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I am studying a galvanic cell, and the cathode uses potassium hydroxide as its electrolyte. I am getting confused as to what gets reduced when electrons come from the anode.

I believe it would be the hydrogen ions (because the solvent is water) as potassium ion would never want to accept an electron (because it has a configuration of a noble gas as an ion and is therefore very stable). However, the pH of the solution would be very basic because KOH is the electrolyte; thus, the reduction potential value of hydrogen ion should also decrease.

Can someone please tell me what the right answer is?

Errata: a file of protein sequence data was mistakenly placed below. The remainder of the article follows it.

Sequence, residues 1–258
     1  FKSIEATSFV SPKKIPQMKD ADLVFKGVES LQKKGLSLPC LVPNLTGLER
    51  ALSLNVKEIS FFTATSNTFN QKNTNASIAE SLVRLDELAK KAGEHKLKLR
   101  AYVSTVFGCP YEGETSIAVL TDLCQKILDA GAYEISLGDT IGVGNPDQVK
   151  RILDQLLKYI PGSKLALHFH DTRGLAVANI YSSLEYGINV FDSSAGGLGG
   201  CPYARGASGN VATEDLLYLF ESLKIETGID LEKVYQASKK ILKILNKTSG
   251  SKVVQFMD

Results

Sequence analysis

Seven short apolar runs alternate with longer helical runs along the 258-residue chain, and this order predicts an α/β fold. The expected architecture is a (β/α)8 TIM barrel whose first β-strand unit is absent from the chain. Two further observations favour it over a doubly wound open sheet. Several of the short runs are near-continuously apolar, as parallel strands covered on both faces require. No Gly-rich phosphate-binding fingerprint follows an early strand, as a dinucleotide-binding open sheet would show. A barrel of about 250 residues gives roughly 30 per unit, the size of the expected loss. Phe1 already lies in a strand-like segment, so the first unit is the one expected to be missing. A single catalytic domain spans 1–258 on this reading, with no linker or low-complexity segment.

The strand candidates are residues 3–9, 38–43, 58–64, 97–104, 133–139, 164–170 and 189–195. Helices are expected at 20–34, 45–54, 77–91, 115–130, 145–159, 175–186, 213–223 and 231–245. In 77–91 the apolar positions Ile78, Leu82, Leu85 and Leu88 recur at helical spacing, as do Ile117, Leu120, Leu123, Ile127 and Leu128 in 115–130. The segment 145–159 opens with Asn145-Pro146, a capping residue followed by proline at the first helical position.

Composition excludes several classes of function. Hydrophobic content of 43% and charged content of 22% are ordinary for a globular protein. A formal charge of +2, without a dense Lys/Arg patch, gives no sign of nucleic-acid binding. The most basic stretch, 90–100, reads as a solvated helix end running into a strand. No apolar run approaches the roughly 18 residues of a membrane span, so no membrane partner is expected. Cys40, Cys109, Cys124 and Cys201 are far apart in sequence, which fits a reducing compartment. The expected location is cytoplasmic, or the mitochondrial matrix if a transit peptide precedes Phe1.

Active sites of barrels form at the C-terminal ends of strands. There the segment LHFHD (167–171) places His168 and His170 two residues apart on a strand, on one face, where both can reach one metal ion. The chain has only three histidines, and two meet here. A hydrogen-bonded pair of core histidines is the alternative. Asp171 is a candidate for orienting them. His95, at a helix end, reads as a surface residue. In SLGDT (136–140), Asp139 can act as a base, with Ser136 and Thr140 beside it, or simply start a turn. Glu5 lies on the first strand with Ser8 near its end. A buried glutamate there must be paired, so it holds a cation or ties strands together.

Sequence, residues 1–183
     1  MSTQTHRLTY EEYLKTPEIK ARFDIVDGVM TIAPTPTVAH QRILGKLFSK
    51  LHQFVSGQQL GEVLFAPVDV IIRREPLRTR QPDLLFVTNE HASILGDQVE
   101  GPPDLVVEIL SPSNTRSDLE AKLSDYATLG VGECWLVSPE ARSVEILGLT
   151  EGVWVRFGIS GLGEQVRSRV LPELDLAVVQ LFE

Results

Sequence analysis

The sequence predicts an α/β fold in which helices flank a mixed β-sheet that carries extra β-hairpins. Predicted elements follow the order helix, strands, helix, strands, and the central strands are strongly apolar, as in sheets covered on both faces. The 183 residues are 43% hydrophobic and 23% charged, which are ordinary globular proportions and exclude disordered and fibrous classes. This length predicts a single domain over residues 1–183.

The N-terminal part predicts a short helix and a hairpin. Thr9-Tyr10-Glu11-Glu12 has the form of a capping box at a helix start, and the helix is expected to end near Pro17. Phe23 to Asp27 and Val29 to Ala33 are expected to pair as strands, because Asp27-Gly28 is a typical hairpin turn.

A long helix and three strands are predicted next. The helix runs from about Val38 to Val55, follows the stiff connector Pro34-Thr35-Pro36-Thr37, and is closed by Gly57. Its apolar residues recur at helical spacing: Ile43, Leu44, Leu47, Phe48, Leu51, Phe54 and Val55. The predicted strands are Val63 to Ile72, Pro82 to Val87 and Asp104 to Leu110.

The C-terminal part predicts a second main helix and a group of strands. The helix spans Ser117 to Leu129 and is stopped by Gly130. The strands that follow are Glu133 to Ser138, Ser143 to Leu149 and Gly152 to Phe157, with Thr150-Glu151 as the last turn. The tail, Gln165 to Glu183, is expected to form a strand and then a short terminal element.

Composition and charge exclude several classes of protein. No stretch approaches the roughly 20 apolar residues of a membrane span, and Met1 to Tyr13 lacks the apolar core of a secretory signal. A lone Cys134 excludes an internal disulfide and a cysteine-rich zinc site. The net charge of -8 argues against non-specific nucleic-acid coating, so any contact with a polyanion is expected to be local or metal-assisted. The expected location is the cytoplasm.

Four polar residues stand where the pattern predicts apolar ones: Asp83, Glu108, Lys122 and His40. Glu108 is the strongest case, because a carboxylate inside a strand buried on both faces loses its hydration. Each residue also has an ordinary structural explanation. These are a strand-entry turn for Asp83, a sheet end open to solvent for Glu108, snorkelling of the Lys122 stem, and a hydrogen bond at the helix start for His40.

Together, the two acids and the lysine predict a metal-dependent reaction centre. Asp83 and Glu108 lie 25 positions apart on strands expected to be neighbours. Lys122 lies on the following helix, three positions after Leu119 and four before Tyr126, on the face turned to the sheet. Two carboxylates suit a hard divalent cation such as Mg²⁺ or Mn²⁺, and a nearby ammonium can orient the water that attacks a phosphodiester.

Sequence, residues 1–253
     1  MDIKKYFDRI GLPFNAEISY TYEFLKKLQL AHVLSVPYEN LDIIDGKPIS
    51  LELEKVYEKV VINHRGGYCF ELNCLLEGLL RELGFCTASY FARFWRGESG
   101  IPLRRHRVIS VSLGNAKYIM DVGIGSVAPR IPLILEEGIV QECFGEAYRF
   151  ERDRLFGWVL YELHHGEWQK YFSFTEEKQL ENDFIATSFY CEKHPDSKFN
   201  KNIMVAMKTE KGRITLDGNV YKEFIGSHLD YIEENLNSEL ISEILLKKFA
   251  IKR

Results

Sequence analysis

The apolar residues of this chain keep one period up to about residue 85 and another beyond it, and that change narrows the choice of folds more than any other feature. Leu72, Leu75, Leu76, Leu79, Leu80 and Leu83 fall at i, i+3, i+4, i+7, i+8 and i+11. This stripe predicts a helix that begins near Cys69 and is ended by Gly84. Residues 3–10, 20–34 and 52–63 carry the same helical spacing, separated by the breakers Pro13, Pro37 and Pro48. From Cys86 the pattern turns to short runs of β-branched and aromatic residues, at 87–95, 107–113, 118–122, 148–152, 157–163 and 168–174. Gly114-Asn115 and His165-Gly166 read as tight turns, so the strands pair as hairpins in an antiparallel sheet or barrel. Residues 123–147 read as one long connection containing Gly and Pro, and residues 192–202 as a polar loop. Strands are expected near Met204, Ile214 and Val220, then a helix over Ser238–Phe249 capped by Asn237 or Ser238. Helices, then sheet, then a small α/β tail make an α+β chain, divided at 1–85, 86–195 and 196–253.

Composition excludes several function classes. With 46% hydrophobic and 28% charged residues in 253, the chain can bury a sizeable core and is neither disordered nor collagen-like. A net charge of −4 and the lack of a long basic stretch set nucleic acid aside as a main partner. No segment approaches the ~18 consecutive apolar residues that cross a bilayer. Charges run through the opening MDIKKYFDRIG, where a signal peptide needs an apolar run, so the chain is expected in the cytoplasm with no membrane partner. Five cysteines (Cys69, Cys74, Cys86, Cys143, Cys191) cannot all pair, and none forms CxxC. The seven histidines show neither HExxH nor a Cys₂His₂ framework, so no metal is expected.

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  • $\begingroup$ What are the electrodes made of? $\endgroup$ – Zhe Feb 12 '17 at 0:07
  • $\begingroup$ aluminum is the anode and platinum is the cathode electrode $\endgroup$ – user510 Feb 12 '17 at 4:42
  • $\begingroup$ Platinum is generally inert, so I would check half reactions involving aluminum... $\endgroup$ – Zhe Feb 12 '17 at 16:17
  • $\begingroup$ no platinum is the electrode that will be in the KOH electrolyte. $\endgroup$ – user510 Feb 12 '17 at 22:51
  • $\begingroup$ Yes, but the platinum is just there to conduct. It doesn't actually do anything chemistry. $\endgroup$ – Zhe Feb 13 '17 at 3:07

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